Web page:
This is the only 'gold-sparkle' Gretsch 6120 that we have ever seen. We are aware of a 1967 6120 in factory black as shown on page 154 of Ed Ball's wonderful book on the Gretsch 6120. The million dollar question on our guitar is - was this the original color of the guitar? We do know by the aforementioned video that the guitar had its Gold Sparkle finish back in 1996!

We purchased the guitar from Willie's American Guitars in St. Paul, MN. They were told by the previous owner (Dan Murphy) that the guitar was "a very rare factory-original custom color - gold sparkle". As always we are super cautious about 'factory custom colors' and we have taken the guitar completely apart (as always) to verify its authenticity. Our findings are as follows:

1. Under UV light the finish looks to be original - there is a clear distinction where the body has been 'covered' by the hardware - i.e. the pad on the back of the guitar, the Bigsby tailpiece etc.
2. We believe that the tuners have been changed - there are additional three additional small holes which can only be seen when the tuners are removed.
3. The input jack plate has been changed - the hole has been enlarged and a square gold-plated four-screw plate has been fitted (this was most likely due to make it stronger as there is no evidence of a break in the side of the body).
4. There are orange stains on the wooden braces under the pickups - but the pickup wiring and solder-joints are all original. Also there are signs of orange stain under the gold finish on one of the back-plate screw holes. We sent detailed photographs to our good friend Ed Ball - his explanation is as follows
"There appears to be orange stain in the pickup cavities, under the holes from the back access cavity, and in the hole for the muffler pads.  Now... who's to say that Gretsch didn't decide to paint an already orange stained guitar a custom color over-top... like Fender did with some custom color Strats?  I dunno... maybe."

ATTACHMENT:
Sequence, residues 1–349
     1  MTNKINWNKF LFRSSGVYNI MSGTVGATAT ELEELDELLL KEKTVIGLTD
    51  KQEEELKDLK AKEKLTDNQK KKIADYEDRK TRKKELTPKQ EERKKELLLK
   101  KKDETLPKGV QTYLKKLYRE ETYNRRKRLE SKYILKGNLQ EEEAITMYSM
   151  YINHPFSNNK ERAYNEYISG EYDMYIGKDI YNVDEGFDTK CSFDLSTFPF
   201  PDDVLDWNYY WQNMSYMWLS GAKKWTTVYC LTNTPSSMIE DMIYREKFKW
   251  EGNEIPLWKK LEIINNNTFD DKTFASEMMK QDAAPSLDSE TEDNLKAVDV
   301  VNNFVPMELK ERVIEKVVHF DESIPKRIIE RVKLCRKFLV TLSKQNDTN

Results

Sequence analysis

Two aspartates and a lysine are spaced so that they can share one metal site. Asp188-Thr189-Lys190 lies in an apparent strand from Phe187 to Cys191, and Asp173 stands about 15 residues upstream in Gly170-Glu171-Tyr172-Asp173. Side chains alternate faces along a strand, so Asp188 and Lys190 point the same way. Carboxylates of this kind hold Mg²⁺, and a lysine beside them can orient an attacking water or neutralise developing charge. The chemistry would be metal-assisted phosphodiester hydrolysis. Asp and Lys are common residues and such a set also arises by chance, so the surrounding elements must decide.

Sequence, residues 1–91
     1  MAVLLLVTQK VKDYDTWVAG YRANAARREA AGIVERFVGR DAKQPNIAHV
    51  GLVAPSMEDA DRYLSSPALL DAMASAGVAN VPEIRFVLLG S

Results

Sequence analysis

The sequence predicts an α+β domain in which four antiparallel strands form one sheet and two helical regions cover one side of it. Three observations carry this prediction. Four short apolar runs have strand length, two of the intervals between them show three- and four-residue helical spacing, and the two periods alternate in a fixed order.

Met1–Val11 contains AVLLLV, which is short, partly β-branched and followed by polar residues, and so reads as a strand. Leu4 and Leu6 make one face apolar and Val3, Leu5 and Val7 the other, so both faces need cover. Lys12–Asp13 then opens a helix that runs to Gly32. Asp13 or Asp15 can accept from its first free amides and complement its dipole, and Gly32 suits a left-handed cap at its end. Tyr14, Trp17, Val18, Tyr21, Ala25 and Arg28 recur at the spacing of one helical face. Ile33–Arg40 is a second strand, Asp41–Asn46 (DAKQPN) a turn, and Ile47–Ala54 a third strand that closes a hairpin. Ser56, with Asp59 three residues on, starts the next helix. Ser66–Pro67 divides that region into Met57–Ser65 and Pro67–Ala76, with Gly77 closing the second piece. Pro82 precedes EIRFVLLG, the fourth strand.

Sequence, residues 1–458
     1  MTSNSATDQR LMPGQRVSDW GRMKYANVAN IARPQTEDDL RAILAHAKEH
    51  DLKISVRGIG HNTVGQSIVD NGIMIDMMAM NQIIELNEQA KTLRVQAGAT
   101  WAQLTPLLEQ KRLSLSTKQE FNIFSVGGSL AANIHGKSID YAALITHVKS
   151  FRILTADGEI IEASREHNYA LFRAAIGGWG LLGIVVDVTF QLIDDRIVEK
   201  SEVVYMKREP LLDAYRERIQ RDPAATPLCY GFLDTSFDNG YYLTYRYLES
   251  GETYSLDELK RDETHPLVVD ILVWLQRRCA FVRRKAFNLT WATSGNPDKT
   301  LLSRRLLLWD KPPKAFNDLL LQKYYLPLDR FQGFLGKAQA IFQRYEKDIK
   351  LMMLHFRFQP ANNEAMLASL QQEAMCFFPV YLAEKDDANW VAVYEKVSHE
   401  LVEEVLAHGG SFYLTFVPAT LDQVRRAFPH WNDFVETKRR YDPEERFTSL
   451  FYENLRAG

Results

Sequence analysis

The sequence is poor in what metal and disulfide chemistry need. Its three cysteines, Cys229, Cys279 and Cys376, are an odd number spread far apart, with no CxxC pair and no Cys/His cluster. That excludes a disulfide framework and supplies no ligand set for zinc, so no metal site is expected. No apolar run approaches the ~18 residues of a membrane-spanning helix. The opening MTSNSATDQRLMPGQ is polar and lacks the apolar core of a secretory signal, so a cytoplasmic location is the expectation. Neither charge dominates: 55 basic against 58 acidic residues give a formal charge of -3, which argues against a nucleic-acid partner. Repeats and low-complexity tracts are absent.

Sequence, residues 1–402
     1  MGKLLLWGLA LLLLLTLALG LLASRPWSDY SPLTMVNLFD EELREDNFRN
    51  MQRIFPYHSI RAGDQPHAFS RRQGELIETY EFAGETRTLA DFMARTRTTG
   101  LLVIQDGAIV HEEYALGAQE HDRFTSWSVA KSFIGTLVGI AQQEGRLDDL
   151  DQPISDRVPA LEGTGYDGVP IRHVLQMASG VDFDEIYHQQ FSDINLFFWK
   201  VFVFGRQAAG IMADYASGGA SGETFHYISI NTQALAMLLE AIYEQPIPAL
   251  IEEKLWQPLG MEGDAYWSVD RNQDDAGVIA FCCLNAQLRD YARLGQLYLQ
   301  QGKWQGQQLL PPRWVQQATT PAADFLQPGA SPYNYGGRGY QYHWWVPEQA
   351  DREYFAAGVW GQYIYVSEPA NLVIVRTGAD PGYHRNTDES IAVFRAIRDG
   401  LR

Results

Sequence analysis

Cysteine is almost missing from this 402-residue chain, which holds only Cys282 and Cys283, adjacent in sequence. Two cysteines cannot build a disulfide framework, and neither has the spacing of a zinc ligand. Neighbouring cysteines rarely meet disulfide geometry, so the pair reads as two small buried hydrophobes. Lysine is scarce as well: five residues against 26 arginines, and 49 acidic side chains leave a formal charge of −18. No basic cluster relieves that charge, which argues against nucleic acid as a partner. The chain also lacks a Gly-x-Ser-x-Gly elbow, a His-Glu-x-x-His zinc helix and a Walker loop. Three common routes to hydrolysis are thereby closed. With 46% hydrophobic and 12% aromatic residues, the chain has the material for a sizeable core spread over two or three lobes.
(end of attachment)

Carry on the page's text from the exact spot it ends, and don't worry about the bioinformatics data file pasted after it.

5. The face of the headstock is factory black and the factory serial number is stamped in black.
6. The white outlines around the black 'faux' 'f' holes are not as finely executed as usual…

In conclusion we believe that the 'usual 6120' orange stain had been applied to the body before the gold sparkle finish was applied and that to fulfill a 'special custom order' - the guitar left the factory in 1967 as a 'gold-sparkle'. However it is also possible that the Gold Sparkle finish was applied at a later date but if so it would most certainly have been done at the Gretsch factory and it would have been not long after 1967. Whatever the story this is a great playing, great sounding guitar with a very good provenance (at least for the past twenty odd years)…

"In 1962 a profound change occurred in the Model 6120 Chet Atkins Hollowbody: the company introduced its Electrontone hollowbody design, a two-inch-deep, 15 1/2 inch-wide (not 16" as the catalog noted) double cutaway body with replica, not real, f-holes painted on the guitar. So, the Model had been converted from a true f-hole, single cutaway, hollow guitar to a simulated f-hole, double cutaway, semi-hollow instrument" (Jay Scott, The Guitars of the Fred Gretsch Company, p. 83).